Criticism. I read with delight a casual notice
of Wordsworth in the London Reader, in which,
with perfect aplomb, his highest merits were
affirmed, and his unquestionable superiority to
all English poets since Milton, and thought how
long I travelled and talked in England, and
found no person, or none but one, and that one
Clough, sympathetic with him, and admiring
him aright, in face of Tennyson's culminating
talent, and genius in melodious verse. What
struck me now was the certainty with which the
best opinion comes to be the established opin-
ion. This rugged, rough countryman walks and
sits alone, assured of his sanity and his inspira-
tion, and writes to no public, — sneered at
by Jeffrey and Brougham, branded by Byron,
blackened by the gossip of Barry Cornwall and
De Quincey, down to Bowring, — for they all
had disparaging tales of him, — yet himself no
more doubting the fine oracles that visited him
than if Apollo had brought them visibly in his
hand : and here and there a solitary reader in
country places had felt and owned them ; and
now, so few years after, it is lawful in that obese


material England, whose vast strata of popu-
lation are nowise converted or altered, yet to
affirm unblamed, unresisted, that this is the gen-
uine, and the rest the impure, metal. For, in
their sane hours each of the fine minds in the
country has found it, and imparted his convic-
tion, so that every reader has somewhere heard
it on the highest authority : —

"And thus the world is brought
To sympathy with hopes and fears it heeded not."

English genius is more truly shown in the
drawings in Punch than in all their water-colour
and Royal Academy exhibitions ; just as their
actors are dreary in tragedy, and admirable in
low comedy.

Criticism. Dr. Holmes, one day, said to me
that he disliked scientific matter introduced into
(literary) lectures, " it was meretricious."

Prodigality of Nature. She can afford mil-
lions of lives of men to make the movement
of the earth round the sun so much as " sus-
pected." ' . . . How much time a man's poetic

I This sentence occurs in "Poetry and Imagination"
(^Letters and Social Aims, pp. z^, 24). Much of what

70 JOURNAL [Age 6i

experiences cost him. He abandons business and
wealth for them. How much time Love costs
him !

" The time I lost pursuing
The light which Jies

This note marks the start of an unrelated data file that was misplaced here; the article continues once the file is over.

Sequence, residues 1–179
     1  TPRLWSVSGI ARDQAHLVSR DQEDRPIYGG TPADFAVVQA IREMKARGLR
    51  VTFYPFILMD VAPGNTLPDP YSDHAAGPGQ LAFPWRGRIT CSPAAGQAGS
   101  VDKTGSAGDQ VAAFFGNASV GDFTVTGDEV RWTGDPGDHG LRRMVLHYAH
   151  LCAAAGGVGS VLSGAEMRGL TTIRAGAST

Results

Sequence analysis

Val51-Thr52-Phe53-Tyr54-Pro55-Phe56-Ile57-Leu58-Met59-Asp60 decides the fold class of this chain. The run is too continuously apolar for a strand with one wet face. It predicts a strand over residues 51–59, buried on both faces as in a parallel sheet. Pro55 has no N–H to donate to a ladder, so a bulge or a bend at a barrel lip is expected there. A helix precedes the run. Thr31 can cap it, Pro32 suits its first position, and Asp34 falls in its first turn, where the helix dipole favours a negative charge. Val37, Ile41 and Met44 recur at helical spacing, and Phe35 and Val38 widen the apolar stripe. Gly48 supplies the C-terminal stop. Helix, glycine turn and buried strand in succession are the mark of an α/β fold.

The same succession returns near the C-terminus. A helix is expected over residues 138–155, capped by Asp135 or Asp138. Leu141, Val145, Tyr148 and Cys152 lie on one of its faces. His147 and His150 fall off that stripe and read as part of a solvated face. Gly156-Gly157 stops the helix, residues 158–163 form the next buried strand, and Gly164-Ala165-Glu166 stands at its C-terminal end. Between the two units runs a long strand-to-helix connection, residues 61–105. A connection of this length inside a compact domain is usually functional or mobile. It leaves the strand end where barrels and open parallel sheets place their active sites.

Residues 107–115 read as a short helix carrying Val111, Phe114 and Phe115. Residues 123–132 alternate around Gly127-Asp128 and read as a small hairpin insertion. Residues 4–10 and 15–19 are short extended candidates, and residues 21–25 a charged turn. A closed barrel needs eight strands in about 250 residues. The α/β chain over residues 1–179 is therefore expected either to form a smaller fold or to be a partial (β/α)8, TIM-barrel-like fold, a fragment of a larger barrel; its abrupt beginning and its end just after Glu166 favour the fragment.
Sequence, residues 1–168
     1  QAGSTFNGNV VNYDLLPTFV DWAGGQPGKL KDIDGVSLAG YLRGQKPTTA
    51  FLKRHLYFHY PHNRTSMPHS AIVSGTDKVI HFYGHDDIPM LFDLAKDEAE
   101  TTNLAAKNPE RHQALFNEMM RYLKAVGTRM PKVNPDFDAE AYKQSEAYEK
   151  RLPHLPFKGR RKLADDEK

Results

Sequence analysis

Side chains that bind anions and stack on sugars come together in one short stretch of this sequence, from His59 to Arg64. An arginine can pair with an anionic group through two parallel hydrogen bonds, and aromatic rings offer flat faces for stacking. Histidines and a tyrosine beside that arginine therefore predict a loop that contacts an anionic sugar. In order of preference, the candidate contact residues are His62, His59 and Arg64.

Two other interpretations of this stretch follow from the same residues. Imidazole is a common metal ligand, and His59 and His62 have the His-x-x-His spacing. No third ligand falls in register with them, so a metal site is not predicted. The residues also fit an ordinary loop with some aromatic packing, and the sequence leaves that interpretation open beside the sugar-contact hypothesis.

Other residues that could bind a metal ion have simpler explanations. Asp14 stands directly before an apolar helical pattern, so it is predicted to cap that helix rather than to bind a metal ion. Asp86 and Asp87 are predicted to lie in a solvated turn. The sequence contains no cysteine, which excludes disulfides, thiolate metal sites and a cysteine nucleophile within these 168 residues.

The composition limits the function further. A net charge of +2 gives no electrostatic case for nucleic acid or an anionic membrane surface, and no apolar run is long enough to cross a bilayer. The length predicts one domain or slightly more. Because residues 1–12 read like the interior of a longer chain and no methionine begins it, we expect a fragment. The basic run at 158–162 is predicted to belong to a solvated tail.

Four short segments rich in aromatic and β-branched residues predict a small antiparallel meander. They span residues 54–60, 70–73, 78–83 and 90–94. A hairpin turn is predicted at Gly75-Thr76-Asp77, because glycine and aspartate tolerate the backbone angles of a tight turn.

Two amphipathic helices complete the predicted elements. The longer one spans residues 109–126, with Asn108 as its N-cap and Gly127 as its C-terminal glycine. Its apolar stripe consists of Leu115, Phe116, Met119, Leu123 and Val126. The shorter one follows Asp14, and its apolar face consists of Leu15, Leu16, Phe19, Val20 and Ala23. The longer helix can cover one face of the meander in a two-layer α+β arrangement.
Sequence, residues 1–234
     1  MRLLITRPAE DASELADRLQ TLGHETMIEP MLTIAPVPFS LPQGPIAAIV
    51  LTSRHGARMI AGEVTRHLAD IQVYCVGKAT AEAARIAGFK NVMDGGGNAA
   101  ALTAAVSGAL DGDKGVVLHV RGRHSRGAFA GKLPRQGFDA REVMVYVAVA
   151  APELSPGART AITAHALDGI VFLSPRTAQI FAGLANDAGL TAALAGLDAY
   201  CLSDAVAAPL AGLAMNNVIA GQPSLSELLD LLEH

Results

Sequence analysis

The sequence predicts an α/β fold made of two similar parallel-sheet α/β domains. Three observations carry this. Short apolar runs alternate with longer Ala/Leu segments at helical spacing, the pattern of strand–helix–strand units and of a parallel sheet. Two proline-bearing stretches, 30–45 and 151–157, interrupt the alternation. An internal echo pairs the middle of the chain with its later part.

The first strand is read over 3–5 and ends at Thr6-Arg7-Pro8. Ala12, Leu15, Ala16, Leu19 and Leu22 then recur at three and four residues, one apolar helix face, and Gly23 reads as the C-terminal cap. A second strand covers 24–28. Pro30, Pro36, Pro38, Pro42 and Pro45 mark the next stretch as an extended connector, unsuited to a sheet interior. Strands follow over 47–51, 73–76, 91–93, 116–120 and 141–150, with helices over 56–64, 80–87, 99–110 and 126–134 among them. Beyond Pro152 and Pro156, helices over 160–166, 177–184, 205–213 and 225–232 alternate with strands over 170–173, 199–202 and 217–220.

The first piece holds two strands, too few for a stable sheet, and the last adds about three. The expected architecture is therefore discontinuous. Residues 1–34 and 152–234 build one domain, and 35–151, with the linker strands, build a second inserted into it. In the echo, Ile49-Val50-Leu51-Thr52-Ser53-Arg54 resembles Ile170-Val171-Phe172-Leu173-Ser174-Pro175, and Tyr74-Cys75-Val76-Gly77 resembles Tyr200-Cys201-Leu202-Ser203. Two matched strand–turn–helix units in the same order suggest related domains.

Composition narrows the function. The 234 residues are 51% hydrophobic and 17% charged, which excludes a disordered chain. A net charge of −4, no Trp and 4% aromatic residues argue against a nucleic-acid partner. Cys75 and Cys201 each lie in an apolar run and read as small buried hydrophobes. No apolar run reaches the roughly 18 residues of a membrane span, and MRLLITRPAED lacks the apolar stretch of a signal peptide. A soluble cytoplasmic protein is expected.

In woman's eyes
Has been my heart's undoing."

Ah, yes, but if his love was well directed, it has
been his mind's upbuilding.

How often I have to say that every man has
material enough in his experience to exhaust the
sagacity of Newton in working it out. We have
more than we use. We know vastly more than
we digest. I never read poetry, or hear a good
speech at a caucus, or a cattle-show, but It adds
less stock to my knowledge than it apprises me
of admirable uses to which what I knew can be
turned. I write this now on remembrance of
some structural experience of last night, — a
painful waking out of dreams as by violence,
and a rapid succession of quasi-optical shows
following like a pyrotechnic exhibition of archi-
tectural or grotesque flourishes, which indicate
magazines of talent and invention in our struc-

follows is printed in "Resources" (^Letters and Social
Aims, pp. 139, 140).


ture, which I shall not arrive at the control of
in my time, but perhaps my great-grandson will
mature and bring to-day.

October 9.

Yesterday at Mr. George L. Stearns's, at
Medford, to meet Wendell Phillips, and Mr.
Fowler of Tennessee. The conversation politi-
cal altogether, and though no very salient points,
yet useful to me as clearing the air, and bring-
ing to view the simplicity of the practical prob-
lem before us. Right-minded men would very
easily bring order out of our American chaos,
if working with courage, and without by-ends.
These Tennessee slaveholders in the land of
Midian are far in advance of our New England
politicians. They see and front the real ques-
tions. [One] point would seem to be absolute
— Emancipation, — establishing the fact that